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Nonequilibrium Partition Identity
The nonequilibrium partition identity (NPI) is a remarkably simple and elegant consequence of the fluctuation theorem previously known as the Kawasaki identity:
(Carberry et al. 2004). Thus in spite of the second law inequality which might lead one to expect that the average would decay exponentially with time, the exponential probability ratio given by the FT exactly cancels the negative exponential in the average above leading to an average which is unity for all time.
The first derivation of the nonequilibrium partition identity for Hamiltonian systems was by Yamada and Kawasaki in 1967. For thermostatted deterministic systems the first derivation was by Morriss and Evans in 1985.
Kawasaki, Kyozi; Gunton, James D. (1973-10-01). "Theory of Nonlinear Transport Processes: Nonlinear Shear Viscosity and Normal Stress Effects". Physical Review A. American Physical Society (APS). 8 (4): 2048-2064. doi:10.1103/physreva.8.2048. ISSN0556-2791.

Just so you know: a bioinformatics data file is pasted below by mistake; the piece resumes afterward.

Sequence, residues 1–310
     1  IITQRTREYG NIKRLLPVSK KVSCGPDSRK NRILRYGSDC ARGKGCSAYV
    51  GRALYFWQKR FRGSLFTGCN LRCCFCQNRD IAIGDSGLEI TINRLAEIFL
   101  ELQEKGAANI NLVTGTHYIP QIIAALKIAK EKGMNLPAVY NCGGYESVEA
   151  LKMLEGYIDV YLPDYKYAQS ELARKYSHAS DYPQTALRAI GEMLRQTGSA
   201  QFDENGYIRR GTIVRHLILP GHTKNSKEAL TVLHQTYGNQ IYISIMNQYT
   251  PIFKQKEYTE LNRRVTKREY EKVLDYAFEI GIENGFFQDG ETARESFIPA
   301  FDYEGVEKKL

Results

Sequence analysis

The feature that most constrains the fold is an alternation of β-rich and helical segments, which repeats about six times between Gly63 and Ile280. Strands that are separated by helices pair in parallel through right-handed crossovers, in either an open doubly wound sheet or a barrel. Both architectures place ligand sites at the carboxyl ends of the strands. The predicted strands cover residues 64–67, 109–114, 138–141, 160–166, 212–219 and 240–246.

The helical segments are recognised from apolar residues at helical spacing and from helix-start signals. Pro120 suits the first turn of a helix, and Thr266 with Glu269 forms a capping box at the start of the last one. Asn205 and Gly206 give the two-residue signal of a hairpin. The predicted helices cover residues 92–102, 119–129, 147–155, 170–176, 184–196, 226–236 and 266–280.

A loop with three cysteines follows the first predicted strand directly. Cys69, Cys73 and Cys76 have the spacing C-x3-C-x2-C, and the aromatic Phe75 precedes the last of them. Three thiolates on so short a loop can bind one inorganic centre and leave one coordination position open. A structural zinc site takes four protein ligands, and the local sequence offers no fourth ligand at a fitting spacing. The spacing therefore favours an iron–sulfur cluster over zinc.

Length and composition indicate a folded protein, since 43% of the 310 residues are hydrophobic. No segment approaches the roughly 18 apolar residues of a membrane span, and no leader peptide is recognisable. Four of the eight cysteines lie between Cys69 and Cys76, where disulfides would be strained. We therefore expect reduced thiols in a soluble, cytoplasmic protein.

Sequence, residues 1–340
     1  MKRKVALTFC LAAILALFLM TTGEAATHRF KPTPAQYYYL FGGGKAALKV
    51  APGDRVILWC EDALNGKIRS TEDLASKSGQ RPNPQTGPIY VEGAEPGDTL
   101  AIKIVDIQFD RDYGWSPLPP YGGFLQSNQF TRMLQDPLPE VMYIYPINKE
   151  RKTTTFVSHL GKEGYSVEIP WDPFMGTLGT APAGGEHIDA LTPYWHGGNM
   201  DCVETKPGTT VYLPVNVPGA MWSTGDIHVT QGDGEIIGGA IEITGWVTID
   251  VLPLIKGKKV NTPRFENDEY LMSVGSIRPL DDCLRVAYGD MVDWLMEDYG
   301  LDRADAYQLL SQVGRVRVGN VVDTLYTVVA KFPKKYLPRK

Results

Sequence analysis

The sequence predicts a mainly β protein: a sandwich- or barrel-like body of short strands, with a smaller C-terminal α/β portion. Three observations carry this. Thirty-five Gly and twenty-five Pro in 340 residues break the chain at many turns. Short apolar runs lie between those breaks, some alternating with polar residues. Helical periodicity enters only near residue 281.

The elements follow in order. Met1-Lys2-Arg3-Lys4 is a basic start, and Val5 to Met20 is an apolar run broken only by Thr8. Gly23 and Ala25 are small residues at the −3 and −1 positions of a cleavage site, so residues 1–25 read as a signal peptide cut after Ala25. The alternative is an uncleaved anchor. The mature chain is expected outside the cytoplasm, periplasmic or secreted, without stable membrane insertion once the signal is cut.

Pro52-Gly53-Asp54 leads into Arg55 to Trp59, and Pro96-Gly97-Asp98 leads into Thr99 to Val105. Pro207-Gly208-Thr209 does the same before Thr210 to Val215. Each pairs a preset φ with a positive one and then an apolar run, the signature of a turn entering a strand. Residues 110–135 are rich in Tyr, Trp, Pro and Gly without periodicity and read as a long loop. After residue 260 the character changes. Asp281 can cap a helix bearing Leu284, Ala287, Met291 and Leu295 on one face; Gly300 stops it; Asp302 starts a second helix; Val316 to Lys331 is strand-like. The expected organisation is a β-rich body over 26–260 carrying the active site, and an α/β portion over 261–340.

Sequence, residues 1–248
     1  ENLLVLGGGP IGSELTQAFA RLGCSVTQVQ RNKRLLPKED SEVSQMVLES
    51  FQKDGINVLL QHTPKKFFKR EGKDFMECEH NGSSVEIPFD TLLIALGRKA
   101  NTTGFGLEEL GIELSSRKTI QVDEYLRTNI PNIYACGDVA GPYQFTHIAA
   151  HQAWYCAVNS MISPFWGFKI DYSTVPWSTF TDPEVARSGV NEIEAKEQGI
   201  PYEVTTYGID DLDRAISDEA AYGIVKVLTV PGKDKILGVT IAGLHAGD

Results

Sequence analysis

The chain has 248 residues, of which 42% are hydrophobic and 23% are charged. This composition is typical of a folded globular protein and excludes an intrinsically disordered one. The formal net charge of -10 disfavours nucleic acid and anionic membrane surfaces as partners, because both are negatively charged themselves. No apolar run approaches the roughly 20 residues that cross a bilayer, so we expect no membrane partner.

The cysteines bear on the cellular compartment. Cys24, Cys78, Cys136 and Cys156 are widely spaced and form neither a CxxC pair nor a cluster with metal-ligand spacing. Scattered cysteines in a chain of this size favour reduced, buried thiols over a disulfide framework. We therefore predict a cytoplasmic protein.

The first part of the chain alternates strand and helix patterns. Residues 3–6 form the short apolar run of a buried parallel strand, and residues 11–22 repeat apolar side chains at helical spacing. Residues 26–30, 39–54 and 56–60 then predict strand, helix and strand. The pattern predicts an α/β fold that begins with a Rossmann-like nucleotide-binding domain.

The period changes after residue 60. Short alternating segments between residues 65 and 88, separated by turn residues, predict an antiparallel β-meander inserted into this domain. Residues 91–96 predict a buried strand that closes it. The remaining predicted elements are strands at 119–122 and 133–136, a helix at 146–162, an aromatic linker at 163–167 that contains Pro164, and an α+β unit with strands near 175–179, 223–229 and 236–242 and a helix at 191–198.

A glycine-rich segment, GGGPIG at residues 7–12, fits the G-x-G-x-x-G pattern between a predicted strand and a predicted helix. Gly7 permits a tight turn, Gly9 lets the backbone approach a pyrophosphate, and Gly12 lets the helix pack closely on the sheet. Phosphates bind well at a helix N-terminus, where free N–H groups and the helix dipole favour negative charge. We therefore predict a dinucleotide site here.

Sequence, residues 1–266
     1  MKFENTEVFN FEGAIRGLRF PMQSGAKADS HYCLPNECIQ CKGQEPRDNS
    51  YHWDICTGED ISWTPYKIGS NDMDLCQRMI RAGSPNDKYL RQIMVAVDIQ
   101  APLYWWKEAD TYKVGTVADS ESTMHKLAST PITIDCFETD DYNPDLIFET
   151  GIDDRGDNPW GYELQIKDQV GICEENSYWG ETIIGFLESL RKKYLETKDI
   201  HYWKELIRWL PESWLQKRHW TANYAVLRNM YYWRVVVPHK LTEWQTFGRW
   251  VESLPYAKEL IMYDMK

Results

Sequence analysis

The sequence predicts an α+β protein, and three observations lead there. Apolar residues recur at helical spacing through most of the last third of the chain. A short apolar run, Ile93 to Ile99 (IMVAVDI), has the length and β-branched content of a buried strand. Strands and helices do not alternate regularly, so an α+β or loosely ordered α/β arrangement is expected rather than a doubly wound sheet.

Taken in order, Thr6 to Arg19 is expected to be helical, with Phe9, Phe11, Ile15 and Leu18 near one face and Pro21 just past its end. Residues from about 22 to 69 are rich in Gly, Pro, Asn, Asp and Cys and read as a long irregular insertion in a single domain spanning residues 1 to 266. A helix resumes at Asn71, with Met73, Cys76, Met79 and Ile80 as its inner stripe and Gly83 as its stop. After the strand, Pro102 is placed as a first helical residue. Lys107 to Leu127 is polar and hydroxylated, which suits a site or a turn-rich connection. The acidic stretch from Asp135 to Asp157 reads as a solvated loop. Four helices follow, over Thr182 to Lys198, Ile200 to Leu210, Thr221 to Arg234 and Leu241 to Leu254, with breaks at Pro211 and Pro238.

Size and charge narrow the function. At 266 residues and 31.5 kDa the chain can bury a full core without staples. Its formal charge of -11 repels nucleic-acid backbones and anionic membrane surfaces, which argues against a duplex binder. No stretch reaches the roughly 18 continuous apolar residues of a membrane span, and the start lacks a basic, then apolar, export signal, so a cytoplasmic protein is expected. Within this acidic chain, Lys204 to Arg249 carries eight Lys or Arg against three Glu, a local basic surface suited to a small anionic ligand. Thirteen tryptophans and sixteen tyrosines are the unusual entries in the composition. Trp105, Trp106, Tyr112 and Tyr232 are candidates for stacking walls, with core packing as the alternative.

Yamada, Tomoji; Kawasaki, Kyozi (1967). "Nonlinear Effects in the Shear Viscosity of Critical Mixtures". Progress of Theoretical Physics. Oxford University Press (OUP). 38 (5): 1031-1051. doi:10.1143/ptp.38.1031. ISSN0033-068X.
Carberry, D. M.; Williams, S. R.; Wang, G. M.; Sevick, E. M.; Evans, Denis J. (2004). "The Kawasaki identity and the Fluctuation Theorem". The Journal of Chemical Physics. AIP Publishing. 121 (17): 8179-8182. doi:10.1063/1.1802211. ISSN0021-9606.
Fluctuation theorem - Provides an equality that quantifies fluctuations in time averaged entropy production in a wide variety of nonequilibrium systems